Jan 04 2012

X + Y * C Does Not Equal A Good Story

I had, what I consider, one of the most nonsensical discussions with a know-it-all author last night. This author, insists that a good fantasy novel must, and he emphasized the must, follow a very rigid formula.

For example, he said that the opening chapter must have action, the second chapter should be character development, the third chapter was for presenting back story, the fourth chapter had to be back to action … and so on he rambled.

I asked him if he wore a lab coat and mixed his concoctions up in beakers with such a rigid formula for “success”. Still he insisted he was right, despite having just two novels published to his name and neither of which have sold any number of appreciable copies.

How boring it must be to write like this. To lock yourself into such a little box with no room to expand beyond codes that in my opinion do nothing other than force everything one writes to be so similar? That would be boring.

What if, I asked, one’s story was not an “action” fantasy? How would you open with action? He said such things don’t sell. I reminded him, apparently neither does what you write. He got upset and dropped the argument.

5 Responses to “X + Y * C Does Not Equal A Good Story”

  1. J. Cameron McClain Says:

    I attended a writers’ conference in Honolulu a few years ago. One of the speakers described the “story arc” we all know and love, went on to talk about the 1/3-1/3-1/3 format, rising action, denouement, initial conflict and eventual resolution…. It was all good stuff, and I think many stories work using a formulaic setup like your know-it-all author describes.

    Trying to fit a story into that formula has a downside, though. In “typing to the structure” you may end up with something that’s too rigid, or too dead. If you’re hell-bent on making sure the second chapter is character development and the third is backstory, you’re only working on craft, not art. For me the craft comes in places like editing, where you choose how and where to set up the plot complication you already have, or putting in the back story at the most effective place(s) in the story.

    Good writing doesn’t equal good story-telling, and structure can help good writing become good story-telling, but popular and critically acclaimed novels like Cloud Atlas, Gravity’s Rainbow, Tin Drum and A Clockwork Orange, along with a billion others, prove that formula does not equal success, and success doesn’t rely on a specific formula. And yes, that author you discussed this with was speaking about fantasy in particular, but even then, look at something as archetypal as Tolkien’s Lord of the Rings series. First chapter? The only action you get there is Bilbo getting ready for a birthday party. What an action-packed hook! 😉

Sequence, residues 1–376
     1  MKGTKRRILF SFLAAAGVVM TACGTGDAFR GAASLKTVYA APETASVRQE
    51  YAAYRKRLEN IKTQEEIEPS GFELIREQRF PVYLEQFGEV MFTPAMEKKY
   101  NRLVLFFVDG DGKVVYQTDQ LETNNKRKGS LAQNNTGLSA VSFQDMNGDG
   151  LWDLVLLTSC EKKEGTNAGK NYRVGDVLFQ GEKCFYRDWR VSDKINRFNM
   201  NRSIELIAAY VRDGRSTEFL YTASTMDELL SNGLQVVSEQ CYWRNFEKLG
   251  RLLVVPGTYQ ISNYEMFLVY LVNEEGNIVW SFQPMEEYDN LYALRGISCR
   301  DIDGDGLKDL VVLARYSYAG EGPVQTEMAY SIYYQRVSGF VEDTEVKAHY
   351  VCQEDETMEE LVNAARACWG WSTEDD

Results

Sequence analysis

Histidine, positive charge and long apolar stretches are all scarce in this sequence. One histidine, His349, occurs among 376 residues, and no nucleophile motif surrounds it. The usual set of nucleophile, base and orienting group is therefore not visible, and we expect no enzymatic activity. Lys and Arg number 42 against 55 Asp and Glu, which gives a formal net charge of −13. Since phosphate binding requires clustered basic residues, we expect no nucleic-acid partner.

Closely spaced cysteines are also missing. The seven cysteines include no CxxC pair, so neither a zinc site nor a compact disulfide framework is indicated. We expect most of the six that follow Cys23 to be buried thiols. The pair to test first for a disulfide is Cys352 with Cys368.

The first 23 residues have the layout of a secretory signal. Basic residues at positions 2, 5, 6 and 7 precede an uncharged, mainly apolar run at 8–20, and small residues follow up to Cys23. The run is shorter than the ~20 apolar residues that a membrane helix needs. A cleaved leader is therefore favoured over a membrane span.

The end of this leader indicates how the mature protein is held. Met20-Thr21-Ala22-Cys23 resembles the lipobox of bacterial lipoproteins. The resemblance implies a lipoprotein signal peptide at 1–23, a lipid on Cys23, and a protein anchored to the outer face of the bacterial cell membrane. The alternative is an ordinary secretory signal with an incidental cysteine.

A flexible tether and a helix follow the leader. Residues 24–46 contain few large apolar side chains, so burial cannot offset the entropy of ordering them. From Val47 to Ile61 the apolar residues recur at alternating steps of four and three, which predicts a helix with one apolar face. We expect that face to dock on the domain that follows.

2. Melissa McPhail Says:

    Great points above. I’ve always felt sorry for writers who believed they had to follow a specific formula in order to tell their story, whether that formula applied to the story arc itself or to character creation.

    The joy of creating lies so much in the mystery and magic that comes along that rushing stream of inspiration, where the story becomes self-perpetuating and you as the author are barely hanging on. It seems like following a formula would be akin to poling down a sluggish, muddy river instead.

    I, too, agree that formulas have their place in the craft of writing, but if you haven’t written enough to make those formulas become second nature, to the point where you think about them as much as verb tense as the words are pouring onto the page, then more “practice” is definitely in order.

  3. Mathias Says:

    I agree J. Cameron McClain, thanks for commenting. I think too many authors fall into the trap of thinking “action” means “high action” – sword fights, chase scenes, etc. That is what the author I had this conversation with thinks. If someone isn’t getting disembowled or shot at with lasers from the get go, well, he hates the story immediately. Problem is, that isn’t what action is necessarily. And I have read far too many books where authors who believe that action is only defined in such ways actually wind up hurting their stories. There is only so far you can rise the action if you start out high action and keep building without breaks and cool down periods. Then you get into the rut of the story becoming unbelievable as the characters are constantly beating more and more unbelievable odds.

    Bilbo’s birthday party prep at the start of LotR is action. But it’s subtle action, not, as you correctly said, “action-packed”. I personally like more subtle action. I think that is where you develop your characters.

  4. Mathias Says:

    Melissa McPhail thanks for commenting.

    I think that classic storytelling has a basic, very basic forumla. But that formula is not rigid. It is moldable to a great extent. There are just some people who don’t want to work with the clay in front of them though.

  5. Graeme Brown Says:

    Geesh! Gotta love those who have it all figured out. While I have learned various rule and tricks, if there’s anything I’ve learned, above all, with the craft of writing, it’s that the rules are always changing. Those of us who write well are always asking questions about what we write, and so we learn new ways to write, and we also learn from each other, so the art of writing, in and of itself, is always changing, like some wonderful evolving species.
    Hmm…so there is a formula, I guess, but it belongs with chaos theory. I don’t think my keyboard has the variables I need for it, though, so I’m gonna stick with the best I got: a good story that leads me deeper and deeper into the woods.
    Thanks for your great posts Mathias!

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